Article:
French Phrases to Spice Up Your Writing

It’s one thing to ensure your writing has perfect grammar and spelling. It’s another skill altogether to ensure that your writing is compelling, captivating, and informative. That’s a much tougher task, because you need to capture your readers’ attention and retain that attention throughout what you want to say.

In the past, I’ve discussed such writing tools as including a portmanteau or experimenting with synecdoche and metonymy. Today, we approach a different tactic: integrating words and phrases from a foreign language. By doing so, you have the opportunity to add an air of worldly sophistication to your piece that may not be as easy to achieve otherwise.

As with so many other strategies to improve your writing, this one must also be used with extreme discretion. You also need to consider your audience, because using this tactic with the wrong group may make you appear pompous, arrogant, or elitist. Used with the right audience, however, it can add that certain je ne sais quoi we all desire.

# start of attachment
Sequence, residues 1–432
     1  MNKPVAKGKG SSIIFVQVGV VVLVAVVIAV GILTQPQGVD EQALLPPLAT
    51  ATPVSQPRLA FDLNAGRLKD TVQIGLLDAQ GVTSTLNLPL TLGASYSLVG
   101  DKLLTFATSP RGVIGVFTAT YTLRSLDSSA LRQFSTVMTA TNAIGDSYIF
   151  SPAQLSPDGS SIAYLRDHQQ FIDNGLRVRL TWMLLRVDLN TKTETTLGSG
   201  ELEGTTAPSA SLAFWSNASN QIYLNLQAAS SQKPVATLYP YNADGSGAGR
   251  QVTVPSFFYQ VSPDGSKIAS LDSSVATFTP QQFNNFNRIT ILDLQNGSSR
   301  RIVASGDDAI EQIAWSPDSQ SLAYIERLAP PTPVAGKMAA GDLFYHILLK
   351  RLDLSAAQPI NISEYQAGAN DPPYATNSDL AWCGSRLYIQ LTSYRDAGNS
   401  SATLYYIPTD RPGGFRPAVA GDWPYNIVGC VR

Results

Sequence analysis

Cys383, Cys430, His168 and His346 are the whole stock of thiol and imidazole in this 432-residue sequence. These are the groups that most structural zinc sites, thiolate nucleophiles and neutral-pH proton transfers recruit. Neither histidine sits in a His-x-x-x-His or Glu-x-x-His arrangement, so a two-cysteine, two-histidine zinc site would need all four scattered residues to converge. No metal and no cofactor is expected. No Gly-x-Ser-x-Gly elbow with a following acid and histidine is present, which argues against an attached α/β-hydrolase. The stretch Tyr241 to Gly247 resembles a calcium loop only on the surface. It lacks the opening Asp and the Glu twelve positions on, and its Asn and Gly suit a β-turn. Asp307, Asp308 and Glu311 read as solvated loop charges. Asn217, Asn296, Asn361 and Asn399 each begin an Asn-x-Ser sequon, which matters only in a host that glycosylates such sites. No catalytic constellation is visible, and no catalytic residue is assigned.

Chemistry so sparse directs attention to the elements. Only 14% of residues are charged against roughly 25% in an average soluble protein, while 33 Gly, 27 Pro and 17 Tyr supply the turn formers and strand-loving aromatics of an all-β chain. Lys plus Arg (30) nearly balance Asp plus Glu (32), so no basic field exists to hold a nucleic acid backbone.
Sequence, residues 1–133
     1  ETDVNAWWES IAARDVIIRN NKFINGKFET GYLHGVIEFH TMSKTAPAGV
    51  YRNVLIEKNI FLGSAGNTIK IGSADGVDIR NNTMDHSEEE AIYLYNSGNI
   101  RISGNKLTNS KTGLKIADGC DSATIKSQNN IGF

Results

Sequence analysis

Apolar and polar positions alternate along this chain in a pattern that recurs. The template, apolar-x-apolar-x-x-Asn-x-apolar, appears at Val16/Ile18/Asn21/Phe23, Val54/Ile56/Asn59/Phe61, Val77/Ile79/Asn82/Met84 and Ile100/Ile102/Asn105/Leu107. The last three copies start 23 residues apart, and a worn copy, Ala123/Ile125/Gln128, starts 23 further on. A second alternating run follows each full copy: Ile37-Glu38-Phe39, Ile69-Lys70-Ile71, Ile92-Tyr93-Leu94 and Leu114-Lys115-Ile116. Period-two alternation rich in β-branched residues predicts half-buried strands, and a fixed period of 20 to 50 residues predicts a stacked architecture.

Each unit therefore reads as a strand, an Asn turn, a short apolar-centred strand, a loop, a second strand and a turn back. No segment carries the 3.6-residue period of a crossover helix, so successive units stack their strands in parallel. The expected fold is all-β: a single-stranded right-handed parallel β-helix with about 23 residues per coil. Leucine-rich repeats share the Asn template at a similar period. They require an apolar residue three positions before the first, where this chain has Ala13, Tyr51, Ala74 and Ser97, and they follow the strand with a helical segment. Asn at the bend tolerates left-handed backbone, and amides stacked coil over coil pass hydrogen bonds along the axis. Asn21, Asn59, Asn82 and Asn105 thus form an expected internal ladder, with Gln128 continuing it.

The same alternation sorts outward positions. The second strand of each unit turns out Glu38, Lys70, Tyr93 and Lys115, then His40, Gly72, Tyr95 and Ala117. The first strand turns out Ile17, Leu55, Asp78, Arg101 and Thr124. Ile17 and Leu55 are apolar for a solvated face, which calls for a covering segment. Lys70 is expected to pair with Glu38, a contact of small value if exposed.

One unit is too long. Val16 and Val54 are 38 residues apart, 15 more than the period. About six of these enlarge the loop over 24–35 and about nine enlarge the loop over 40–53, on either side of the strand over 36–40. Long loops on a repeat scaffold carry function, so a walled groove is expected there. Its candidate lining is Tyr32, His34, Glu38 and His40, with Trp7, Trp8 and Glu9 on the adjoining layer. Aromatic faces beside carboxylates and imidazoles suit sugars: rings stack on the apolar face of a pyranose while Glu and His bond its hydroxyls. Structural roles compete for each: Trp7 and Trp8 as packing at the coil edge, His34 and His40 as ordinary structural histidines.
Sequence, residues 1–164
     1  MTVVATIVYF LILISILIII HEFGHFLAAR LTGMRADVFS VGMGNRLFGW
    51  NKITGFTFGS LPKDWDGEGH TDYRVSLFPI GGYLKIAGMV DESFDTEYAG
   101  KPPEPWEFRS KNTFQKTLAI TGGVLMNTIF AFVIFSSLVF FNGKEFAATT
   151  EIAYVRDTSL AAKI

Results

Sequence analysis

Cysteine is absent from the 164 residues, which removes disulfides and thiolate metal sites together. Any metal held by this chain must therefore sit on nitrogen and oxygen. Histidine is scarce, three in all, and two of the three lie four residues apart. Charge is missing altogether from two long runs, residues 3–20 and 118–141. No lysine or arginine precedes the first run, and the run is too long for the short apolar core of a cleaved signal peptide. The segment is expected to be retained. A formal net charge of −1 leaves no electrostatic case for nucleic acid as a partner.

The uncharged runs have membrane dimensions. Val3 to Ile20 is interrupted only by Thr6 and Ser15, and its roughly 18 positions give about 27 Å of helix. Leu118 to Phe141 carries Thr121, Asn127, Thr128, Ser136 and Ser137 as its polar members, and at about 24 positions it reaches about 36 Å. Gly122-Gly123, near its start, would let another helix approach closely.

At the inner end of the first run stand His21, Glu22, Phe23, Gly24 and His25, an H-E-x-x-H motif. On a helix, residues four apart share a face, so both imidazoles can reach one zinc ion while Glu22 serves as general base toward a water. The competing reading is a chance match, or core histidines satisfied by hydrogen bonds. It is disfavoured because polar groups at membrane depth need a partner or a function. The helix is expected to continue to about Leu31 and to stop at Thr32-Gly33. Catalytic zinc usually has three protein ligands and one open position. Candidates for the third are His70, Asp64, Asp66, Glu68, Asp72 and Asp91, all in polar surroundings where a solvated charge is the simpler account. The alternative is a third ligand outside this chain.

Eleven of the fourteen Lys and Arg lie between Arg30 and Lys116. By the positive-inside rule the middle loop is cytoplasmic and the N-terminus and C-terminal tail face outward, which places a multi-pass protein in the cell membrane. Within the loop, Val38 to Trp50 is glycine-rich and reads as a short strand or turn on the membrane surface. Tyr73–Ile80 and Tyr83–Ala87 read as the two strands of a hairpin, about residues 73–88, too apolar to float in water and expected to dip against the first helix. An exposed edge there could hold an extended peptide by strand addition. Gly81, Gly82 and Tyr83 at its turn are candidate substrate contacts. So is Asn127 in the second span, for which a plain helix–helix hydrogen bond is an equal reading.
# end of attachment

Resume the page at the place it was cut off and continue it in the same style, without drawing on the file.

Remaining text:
I’m using French as an example here, because the French language is generally perceived as romantic and beautiful, but a similar tactic can be successfully employed with a different language too. In an case, here a few examples of French phrases that you may consider including in some of your future work.

  • avant garde: cutting edge, new and unusual ideas
  • bourgeoisie: middle class, often with perceived materialistic values
  • chanteuse: a female singer
  • creme de la creme: cream of the crop, best of the best
  • faux pas: false step, a tactless action in a social setting
  • joie de vivre: the joy of life
  • laissez-faire: a philosophy of “let do” or non-interference
  • mon Dieu!: my God!
  • nouveau riche: newly rich (class of people)
  • prix fixe: a fixed priced (set) menu
  • raison d’etre: reason for being, purpose in life
  • tete-a-tete: head to head, an intimate/private conversation
  • tout de suite: right away
  • vis-a-vis: face to face with, in comparison with or in relation to

And if you’re wondering about je ne sais quoi, it translates directly as “I don’t know what” and refers to the “certain something” that makes something desirable. It’s intangible and oftentimes indescribable.